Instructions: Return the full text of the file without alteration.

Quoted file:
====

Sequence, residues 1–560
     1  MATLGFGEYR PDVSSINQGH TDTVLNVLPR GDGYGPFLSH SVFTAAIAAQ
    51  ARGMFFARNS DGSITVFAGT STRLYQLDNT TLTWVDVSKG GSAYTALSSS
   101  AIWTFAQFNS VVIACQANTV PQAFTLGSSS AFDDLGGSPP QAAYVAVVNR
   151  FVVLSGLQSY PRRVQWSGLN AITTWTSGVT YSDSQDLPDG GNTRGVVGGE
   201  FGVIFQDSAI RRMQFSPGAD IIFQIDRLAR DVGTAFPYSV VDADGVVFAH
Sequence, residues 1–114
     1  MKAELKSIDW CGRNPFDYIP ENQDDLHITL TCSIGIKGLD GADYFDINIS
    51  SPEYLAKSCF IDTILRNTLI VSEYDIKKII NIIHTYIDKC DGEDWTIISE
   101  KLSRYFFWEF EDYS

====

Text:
Sequence, residues 1–560
     1  MATLGFGEYR PDVSSINQGH TDTVLNVLPR GDGYGPFLSH SVFTAAIAAQ
    51  ARGMFFARNS DGSITVFAGT STRLYQLDNT TLTWVDVSKG GSAYTALSSS
   101  AIWTFAQFNS VVIACQANTV PQAFTLGSSS AFDDLGGSPP QAAYVAVVNR
   151  FVVLSGLQSY PRRVQWSGLN AITTWTSGVT YSDSQDLPDG GNTRGVVGGE
   201  FGVIFQDSAI RRMQFSPGAD IIFQIDRLAR DVGTAFPYSV VDADGVVFAH
Sequence, residues 1–114
     1  MKAELKSIDW CGRNPFDYIP ENQDDLHITL TCSIGIKGLD GADYFDINIS
    51  SPEYLAKSCF IDTILRNTLI VSEYDIKKII NIIHTYIDKC DGEDWTIISE
   101  KLSRYFFWEF EDYS